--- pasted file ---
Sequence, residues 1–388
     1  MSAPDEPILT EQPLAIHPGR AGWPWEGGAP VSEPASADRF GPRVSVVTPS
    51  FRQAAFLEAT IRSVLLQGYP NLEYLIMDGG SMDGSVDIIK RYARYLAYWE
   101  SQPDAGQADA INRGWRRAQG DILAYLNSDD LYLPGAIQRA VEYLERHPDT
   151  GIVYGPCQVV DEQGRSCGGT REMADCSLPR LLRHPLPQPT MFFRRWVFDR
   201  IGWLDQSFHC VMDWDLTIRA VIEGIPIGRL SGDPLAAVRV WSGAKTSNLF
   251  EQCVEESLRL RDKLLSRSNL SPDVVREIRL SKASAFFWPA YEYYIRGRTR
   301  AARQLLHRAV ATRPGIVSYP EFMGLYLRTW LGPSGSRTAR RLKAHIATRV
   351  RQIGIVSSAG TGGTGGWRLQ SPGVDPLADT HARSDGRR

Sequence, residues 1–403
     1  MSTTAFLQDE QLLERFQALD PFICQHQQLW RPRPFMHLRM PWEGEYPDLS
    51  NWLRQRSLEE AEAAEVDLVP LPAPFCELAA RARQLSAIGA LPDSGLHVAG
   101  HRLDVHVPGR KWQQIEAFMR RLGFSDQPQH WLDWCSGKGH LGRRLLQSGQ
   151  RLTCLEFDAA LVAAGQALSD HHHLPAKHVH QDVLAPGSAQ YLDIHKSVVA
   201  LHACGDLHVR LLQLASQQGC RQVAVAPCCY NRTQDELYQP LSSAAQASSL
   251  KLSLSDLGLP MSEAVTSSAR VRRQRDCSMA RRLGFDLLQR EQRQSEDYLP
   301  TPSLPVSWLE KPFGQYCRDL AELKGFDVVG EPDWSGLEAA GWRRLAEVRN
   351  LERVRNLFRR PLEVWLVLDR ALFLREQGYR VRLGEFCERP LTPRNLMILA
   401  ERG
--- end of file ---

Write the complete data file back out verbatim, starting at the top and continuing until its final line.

Sequence, residues 1–388
     1  MSAPDEPILT EQPLAIHPGR AGWPWEGGAP VSEPASADRF GPRVSVVTPS
    51  FRQAAFLEAT IRSVLLQGYP NLEYLIMDGG SMDGSVDIIK RYARYLAYWE
   101  SQPDAGQADA INRGWRRAQG DILAYLNSDD LYLPGAIQRA VEYLERHPDT
   151  GIVYGPCQVV DEQGRSCGGT REMADCSLPR LLRHPLPQPT MFFRRWVFDR
   201  IGWLDQSFHC VMDWDLTIRA VIEGIPIGRL SGDPLAAVRV WSGAKTSNLF
   251  EQCVEESLRL RDKLLSRSNL SPDVVREIRL SKASAFFWPA YEYYIRGRTR
   301  AARQLLHRAV ATRPGIVSYP EFMGLYLRTW LGPSGSRTAR RLKAHIATRV
   351  RQIGIVSSAG TGGTGGWRLQ SPGVDPLADT HARSDGRR

Sequence, residues 1–403
     1  MSTTAFLQDE QLLERFQALD PFICQHQQLW RPRPFMHLRM PWEGEYPDLS
    51  NWLRQRSLEE AEAAEVDLVP LPAPFCELAA RARQLSAIGA LPDSGLHVAG
   101  HRLDVHVPGR KWQQIEAFMR RLGFSDQPQH WLDWCSGKGH LGRRLLQSGQ
   151  RLTCLEFDAA LVAAGQALSD HHHLPAKHVH QDVLAPGSAQ YLDIHKSVVA
   201  LHACGDLHVR LLQLASQQGC RQVAVAPCCY NRTQDELYQP LSSAAQASSL
   251  KLSLSDLGLP MSEAVTSSAR VRRQRDCSMA RRLGFDLLQR EQRQSEDYLP
   301  TPSLPVSWLE KPFGQYCRDL AELKGFDVVG EPDWSGLEAA GWRRLAEVRN
   351  LERVRNLFRR PLEVWLVLDR ALFLREQGYR VRLGEFCERP LTPRNLMILA
   401  ERG